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83rd Academy Awards

A 2011 awards show that will honor the best films of 2010.

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Much More Entertaining Than in Previous Years

  • Feb 28, 2011
I can't remember when I first began watching the Oscars.  But I do recall that the part I enjoyed most about it was trying to guess who would win and who would not.  It's one of those things that is attractive about the Oscars.  This year the show was very different.  There were still a few surprises.  Although the big awards were a little less so in one area (that in hindsight might be obvious, and we'll get to that).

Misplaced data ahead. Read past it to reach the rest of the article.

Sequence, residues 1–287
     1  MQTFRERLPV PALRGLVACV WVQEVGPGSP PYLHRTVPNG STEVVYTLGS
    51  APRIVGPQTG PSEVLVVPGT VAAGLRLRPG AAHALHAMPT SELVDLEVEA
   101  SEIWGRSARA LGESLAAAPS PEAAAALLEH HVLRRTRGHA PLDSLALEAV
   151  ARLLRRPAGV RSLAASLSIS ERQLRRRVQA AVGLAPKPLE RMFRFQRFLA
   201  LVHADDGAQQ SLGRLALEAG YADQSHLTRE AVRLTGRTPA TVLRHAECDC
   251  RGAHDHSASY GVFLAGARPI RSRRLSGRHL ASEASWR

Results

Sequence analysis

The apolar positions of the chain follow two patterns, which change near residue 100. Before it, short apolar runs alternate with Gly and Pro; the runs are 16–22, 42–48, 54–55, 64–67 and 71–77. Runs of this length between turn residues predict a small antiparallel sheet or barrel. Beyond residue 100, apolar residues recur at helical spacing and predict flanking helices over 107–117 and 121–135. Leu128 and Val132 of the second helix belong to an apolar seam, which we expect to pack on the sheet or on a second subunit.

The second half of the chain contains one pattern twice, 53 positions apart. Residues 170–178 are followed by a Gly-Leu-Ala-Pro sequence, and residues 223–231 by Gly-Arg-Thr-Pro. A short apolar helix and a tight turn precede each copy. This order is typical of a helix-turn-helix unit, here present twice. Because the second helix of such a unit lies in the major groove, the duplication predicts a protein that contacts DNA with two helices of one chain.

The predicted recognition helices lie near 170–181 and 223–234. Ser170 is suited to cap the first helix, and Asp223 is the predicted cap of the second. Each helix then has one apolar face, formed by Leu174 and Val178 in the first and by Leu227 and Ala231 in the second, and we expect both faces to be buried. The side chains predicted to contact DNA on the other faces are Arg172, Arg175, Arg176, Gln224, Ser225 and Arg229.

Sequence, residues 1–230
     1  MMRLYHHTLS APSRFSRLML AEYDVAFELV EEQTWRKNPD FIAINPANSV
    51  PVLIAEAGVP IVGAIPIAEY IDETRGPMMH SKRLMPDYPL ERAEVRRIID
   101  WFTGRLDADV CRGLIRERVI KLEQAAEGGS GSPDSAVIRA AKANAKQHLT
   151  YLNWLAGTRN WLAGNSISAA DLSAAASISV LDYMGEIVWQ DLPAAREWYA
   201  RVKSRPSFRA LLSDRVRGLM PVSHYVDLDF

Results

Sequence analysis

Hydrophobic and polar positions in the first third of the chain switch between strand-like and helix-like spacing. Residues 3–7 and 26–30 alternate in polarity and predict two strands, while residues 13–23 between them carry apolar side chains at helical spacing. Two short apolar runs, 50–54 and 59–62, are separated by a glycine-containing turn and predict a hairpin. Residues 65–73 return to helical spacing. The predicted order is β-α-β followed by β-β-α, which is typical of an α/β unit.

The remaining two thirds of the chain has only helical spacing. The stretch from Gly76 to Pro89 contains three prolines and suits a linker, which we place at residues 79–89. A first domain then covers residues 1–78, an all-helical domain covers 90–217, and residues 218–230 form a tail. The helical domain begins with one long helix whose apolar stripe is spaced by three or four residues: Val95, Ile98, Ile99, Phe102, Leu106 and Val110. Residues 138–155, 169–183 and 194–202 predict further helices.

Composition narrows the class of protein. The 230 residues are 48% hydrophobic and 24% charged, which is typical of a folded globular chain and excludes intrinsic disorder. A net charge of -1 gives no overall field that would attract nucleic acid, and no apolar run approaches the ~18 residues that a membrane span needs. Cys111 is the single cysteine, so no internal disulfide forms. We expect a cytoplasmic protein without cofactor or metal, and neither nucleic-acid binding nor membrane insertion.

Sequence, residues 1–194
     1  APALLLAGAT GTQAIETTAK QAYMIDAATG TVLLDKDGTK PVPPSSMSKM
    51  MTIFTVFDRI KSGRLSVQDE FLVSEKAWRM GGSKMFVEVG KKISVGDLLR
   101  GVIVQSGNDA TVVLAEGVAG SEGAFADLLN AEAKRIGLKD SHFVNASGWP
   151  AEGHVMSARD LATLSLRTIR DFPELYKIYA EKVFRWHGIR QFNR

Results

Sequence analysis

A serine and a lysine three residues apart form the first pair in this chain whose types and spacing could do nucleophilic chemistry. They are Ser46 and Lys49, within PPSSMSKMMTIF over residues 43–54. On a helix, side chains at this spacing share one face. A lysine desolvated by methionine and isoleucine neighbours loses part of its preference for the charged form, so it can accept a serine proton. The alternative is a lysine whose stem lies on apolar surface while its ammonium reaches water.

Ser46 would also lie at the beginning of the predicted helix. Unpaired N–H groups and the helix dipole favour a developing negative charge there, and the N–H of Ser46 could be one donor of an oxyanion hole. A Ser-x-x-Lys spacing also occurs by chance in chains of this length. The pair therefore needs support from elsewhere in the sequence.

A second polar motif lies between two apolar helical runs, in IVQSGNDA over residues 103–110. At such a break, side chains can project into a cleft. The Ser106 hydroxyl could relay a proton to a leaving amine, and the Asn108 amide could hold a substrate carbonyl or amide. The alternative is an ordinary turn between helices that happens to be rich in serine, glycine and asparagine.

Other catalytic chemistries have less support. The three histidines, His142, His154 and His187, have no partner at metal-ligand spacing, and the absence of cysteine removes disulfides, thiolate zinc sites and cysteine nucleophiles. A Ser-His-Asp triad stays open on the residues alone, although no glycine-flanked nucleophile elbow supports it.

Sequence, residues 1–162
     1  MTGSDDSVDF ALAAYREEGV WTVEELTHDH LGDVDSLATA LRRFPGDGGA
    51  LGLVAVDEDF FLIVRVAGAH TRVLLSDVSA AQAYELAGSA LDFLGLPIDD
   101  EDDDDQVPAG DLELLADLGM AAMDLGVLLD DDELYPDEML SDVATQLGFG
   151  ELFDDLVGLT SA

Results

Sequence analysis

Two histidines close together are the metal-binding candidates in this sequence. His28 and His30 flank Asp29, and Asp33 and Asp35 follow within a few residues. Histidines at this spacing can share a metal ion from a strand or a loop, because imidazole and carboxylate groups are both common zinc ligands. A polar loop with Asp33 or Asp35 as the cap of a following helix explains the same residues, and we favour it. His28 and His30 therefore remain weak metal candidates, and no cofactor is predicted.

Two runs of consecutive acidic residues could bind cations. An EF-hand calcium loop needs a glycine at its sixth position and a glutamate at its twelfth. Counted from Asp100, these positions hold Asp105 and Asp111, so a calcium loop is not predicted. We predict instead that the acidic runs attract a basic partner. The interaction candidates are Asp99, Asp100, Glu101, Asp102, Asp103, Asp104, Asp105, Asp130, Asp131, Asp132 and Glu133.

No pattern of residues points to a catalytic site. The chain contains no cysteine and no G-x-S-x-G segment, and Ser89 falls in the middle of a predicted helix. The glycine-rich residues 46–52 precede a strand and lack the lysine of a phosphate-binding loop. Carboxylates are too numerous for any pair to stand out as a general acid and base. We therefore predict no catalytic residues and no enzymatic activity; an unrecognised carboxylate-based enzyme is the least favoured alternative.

Let's begin with the host.  Usually they get a comedian or two to do it.  They've been changing that up every now and then.  In one year, for instance, we had Hugh Jackman host.  This year it was James Franco and Anne Hathaway.  Both of them hosting in a pitiful attempt to reach the younger demographic.  I only say pitiful because I suppose the Academy says, "Do people younger than thirty even know who goddamn Steve Martin is?" 

That's not to say the hosts did a bad job.  At least one of them.  Anne Hathaway was pretty gracious.  She had fun, energy, talent and all the things that made for a very amusing night.  James Franco, on the other hand, was very visibly nervous.  If Hathaway was nervous she did a good job hiding it.  But Franco appeared to be so nervous, often times being unable to make basic eye contact and instead staring off into space while he was delivering some of his lines.  It was nice to see James Franco because he's still just so damn cool.